Before disaster strikes: How UBC’s museums and galleries consider the safety of their collections

The last thing on your mind when visiting a museum or gallery on campus is how the items you are viewing would be protected if disaster were to strike. But after a devastating fire consumed Brazil’s oldest museum, with its archive of 20 million items almost completely destroyed, collections security is at the forefront of many conservators’ minds.

In many cases, disaster planning is an ongoing process within each of the individual galleries and museums at UBC. With vast, valuable and historically irreplaceable collections, some of the older museums on campus have opted for gradual upgrades, while those in newer buildings have pre-implemented mechanisms in place.

The Museum of Anthropology (MOA) staff realized it was time to finalize their disaster plan after a burst pipe in 2004 led to cascading water that flooded their entrance and front lobby. Heidi Swierenga, MOA senior conservator and head of collections care, management and access department, said it was a moment of reckoning where they saw how staff, volunteers and guests took on roles that were helpful and at times chaotic.

Disaster response, emergency response and salvage planning are typically things that everybody knows they need to do but can easily drop down the priority list because there’s no timeline or deadline associated with them, said Swierenga.

“It’s not until you have a big incident that you realize ‘Oh my god, we should’ve had something in place.’”

After they heard the “all clear” from the first-responders, Swierenga said her first concern was what to do with the collections. Fortunately, the gushing water had only damaged the gift shop and upper lobby by the time the pipe was turned off by building operations.

Since the event, MOA has had a comprehensive disaster plan that outlines emergency procedures and guidelines on how to salvage the collections after any kind of damage. They addressed this through role-assignments with tiers of response under the director, based on different functions. “We often run drills,” Swierenga said.

They also have a flood kit on-site, and a salvage kit provided by the BC Heritage Emergency Response Network (HERN), a small province-wide collections salvage initiative that Swierenga co-runs.

Swierenga said the MOA’s highest risk is still water damage due to its old leaky roof which was installed in the mid-1970s.

“If you go out into the great hall you’ll see things that are moved out of one of the platforms, and we’ve got buckets out there because there’s a hole in the ceiling,” she said, adding that their roof is scheduled for replacement soon.

In mid-November, MOA will also be undergoing a large seismic upgrade in its great hall to install a base isolation system which will preserve objects on a case-by-case basis in the event of an earthquake.

The Beaty Biodiversity Centre is at the opposite end of the spectrum, with a newer building that is set up to protect the collections it houses.

Structurally, the building has a fire suppression system with high-flow sprinklers and a highly sensitive smoke-detection system that can be set off if too much dust is stirred up in the collections area, said Chris Stinson, a curatorial assistant and the co-chair of the centre’s safety team.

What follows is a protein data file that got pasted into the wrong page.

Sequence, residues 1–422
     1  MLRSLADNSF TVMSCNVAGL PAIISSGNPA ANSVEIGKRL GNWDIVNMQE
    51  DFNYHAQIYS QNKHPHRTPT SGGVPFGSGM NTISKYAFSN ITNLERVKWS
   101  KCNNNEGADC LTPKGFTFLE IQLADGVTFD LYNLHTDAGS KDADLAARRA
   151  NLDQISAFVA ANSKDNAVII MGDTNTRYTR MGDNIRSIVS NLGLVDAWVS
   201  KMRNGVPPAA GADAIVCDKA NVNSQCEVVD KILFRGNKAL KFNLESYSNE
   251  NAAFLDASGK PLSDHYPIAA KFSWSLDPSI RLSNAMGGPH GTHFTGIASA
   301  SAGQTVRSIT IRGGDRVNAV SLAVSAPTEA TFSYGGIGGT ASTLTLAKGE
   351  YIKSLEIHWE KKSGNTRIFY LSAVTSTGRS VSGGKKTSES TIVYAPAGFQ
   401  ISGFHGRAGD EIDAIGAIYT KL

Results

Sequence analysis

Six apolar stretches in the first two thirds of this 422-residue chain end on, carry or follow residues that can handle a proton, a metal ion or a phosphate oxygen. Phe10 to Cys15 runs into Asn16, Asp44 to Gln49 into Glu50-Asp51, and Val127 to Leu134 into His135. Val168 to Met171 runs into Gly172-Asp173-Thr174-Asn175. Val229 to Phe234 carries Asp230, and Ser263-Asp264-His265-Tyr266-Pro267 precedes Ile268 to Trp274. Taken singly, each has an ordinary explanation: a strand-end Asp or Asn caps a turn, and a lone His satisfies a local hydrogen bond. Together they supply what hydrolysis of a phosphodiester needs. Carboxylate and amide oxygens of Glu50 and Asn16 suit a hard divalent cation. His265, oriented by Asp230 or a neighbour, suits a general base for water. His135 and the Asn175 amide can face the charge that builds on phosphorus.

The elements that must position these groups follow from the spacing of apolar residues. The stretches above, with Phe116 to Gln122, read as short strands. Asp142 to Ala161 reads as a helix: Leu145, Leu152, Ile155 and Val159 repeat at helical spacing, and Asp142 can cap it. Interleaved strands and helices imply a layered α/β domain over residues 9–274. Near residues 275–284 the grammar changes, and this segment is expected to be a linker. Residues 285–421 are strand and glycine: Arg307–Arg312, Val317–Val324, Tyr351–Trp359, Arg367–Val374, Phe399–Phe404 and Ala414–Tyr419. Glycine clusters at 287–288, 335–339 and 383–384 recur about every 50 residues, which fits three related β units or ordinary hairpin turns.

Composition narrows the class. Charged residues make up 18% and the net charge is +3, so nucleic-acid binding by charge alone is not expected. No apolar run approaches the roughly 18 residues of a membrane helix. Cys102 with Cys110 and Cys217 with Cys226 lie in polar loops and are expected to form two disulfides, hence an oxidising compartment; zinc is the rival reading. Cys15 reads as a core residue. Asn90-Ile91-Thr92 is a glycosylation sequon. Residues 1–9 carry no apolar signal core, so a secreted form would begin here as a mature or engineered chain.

The Beaty holds irreplaceable specimens that date back to the mid-1800s, Stinson said. So he monitors the environment ensuring that humidity, temperature and light levels are at a safe range. He also makes sure that the specimens are in their right cabinets.

The building is up to fire code since they it has around 70,000 jars of specimens stored in alcohol solution. A visitor at the Beaty may notice they have fire extinguishers on every other aisle, adding up to 52 on the collection floor.

An earthquake is the biggest risk they face, Stinson said, explaining that the all the cabinets are bolted so as to not topple over and their floor system is surrounded by a ventilation and drainage system that could quickly channel out any water and alcohol safely.

The Morris and Helen Belkin Art Gallery and the AMS Art Gallery both focus on secure storage methods to protect their collections. The Belkin stores half of their collection in an off-site commercial facility while the AMS stores the larger portion of the collection they don’t have on display in The Hatch within a secure vault that is both light- and temperature-sensitive and fire and flood proof.

In the case of an earthquake, AMS staff said that the building would be more likely to collapse around the vault, keeping the collection inside intact. The Belkin works in line with UBC Building Operations’ guidelines on safety procedures and collection storage in the case of a disaster.

The Art History and Visual Art (AHVA) Gallery is different from the other museums and galleries on campus because they do not have a permanent collection, since they mostly host symposiums and university-affiliated exhibitions, said Jeremy Jaud, their safety advisor and operations manager.

While safety considerations are somewhat individual to the different galleries and museums at UBC, the common thread is that all the facilities have their collections insured, and abide to building operations guidelines and safety codes.